Game downloads have grown from a few gigs just a few years ago to upwards of 100GB with the upcoming Forza Motorsport 7. And you know what? A lot of that data goes unused. Many Call of Duty owners never touch the single-player mode, for example. The first Titanfall‘s PC install was made up mostly of audio in different languages. Microsoft is working to improve that problem on the Xbox One platform alongside the launch of the Xbox One X, and I’m hoping what they’re doing becomes the norm.
It’s time to say the word “chunks” a lot
With the Xbox One X, Microsoft is working hard on data management. Games will be broken down into chunks – that’s what Microsoft is calling them – in a system called Intelligent Delivery.
The first part of this directly affects Xbox One S and Xbox One X owners. If you own an Xbox One X, you’re going to see a benefit from 4K textures, whether you’re on a 4K television or not. On an Xbox One S, though, those files aren’t even touched. It wouldn’t make sense to have one file package and ask everyone who buys your game to download it. If you’re on an Xbox One S, those 4K files won’t download, as they’re split into a separate chunk.
But it’s bigger than that. Developers will be able to use this system to bust out different chunks of a game so that owners can download the parts they’re going to use. If you’re playing a game in America, you’ll probably want English, and you probably won’t need another language track. But if you’re an anime geek, or English isn’t your first language, you might want an alternate one. Languages can have their own chunks, and developers can give you the ability to just download the language tracks you’ll actually use.
The same goes for game modes. I’m still playing Doom on PC, but I’m never going to touch the game’s multiplayer. If I could uninstall it, I’d save a few of the 65GB download it asks for. Once you’ve finished the campaign in Battlefield, you could theoretically delete the campaign chunk leave just the much-smaller multiplayer mode.
This also, Microsoft says, finally allows for multi-disc games. Different modes could be split across different discs, and extra content, like other languages and high-res textures, could be shunted over to a second disc if necessary.
Everyone should be doing this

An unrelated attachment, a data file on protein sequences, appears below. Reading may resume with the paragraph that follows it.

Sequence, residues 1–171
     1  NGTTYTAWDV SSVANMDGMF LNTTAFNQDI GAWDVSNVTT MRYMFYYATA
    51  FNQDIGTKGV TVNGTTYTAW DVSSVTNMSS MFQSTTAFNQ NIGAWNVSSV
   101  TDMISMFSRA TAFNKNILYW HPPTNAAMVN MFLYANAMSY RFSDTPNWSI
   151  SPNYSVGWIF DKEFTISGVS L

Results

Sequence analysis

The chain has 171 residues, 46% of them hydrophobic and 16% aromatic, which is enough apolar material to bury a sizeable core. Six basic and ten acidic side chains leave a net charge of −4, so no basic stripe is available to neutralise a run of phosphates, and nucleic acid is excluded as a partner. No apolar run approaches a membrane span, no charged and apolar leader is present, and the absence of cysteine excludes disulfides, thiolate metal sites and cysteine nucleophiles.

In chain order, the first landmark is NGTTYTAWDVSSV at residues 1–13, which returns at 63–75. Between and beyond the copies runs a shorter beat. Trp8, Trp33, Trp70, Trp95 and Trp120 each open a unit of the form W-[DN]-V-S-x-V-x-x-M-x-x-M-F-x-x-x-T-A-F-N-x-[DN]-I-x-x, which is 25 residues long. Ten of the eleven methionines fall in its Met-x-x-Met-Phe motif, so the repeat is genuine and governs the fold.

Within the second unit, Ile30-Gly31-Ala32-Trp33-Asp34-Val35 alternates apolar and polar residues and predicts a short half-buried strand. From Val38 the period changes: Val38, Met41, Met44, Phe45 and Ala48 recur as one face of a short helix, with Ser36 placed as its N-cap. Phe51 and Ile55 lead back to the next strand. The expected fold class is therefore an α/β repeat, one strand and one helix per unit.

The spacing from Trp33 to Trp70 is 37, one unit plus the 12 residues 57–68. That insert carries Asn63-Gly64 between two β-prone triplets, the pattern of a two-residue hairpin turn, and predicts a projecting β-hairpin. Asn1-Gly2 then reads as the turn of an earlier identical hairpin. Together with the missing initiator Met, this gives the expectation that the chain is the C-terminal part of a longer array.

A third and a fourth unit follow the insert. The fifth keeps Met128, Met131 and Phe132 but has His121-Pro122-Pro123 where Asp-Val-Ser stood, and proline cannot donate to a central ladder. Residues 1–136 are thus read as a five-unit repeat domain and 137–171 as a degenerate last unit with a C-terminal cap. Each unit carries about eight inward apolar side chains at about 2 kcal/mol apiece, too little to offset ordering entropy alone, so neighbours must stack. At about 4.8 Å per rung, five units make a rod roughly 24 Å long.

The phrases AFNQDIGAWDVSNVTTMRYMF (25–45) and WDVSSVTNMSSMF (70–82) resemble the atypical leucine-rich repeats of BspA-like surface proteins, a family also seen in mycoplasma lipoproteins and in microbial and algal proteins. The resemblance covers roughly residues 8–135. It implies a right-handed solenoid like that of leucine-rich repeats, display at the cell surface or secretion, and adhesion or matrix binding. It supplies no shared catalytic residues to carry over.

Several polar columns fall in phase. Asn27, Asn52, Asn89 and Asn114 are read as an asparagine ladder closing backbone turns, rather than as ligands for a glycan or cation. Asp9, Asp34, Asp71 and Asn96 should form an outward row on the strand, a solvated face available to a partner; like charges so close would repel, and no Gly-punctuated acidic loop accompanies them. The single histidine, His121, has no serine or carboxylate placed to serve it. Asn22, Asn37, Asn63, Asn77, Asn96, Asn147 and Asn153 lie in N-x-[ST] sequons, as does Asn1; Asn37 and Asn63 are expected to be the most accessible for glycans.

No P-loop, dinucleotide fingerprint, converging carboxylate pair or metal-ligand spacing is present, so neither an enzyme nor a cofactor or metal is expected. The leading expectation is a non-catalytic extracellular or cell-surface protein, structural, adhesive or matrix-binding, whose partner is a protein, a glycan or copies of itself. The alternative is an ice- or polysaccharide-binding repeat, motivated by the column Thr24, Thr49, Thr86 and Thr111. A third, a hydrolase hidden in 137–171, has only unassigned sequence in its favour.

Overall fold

Everyone should be doing this, and they should’ve been doing this for years. This is something that not only helps Microsoft, but is a huge benefit to Xbox gamers all over the place. Hard drives haven’t grown alongside game installs, and many gamers are still playing on systems with 500GB hard drives. Being able to clear out unused chunks of games will make those drives seem much bigger for much longer, giving people more choice about when to expand their hard drives. It also means Microsoft won’t have to pump out nearly as much data to gamers as they would otherwise.
But it also gives gamers a choice about what all they want to download and keep. It puts the power in our hands to play the games the way we want, and not stare at modes we’re never going to use when we login. And let’s not forget that we’re in an age of restrictive data transfer caps. Even on a generous 1TB cap, Forza Motorsport 7‘s Xbox One X pack is 10 percent of your monthly bandwidth – just for that game alone. And let’s say your connection stalls out and you have to start over halfway through. It adds up fast. Letting us download the parts of these games that we’re actually going to use is only a good thing.
The tough part will be getting companies like Sony and Valve to see the benefit of this. Even with big games, Nintendo likes to keep game installs down, but the other two aren’t beholden to any such restrictions. While PC gamers have an easier time dropping new hard drives into their systems, the proliferation of smaller SSD-based drives means the situations for many gamers is just as bad as it is on console.
Hopefully we’ll see this kind of game “chunking” embraced by developers on Xbox and picked up by other platform managers.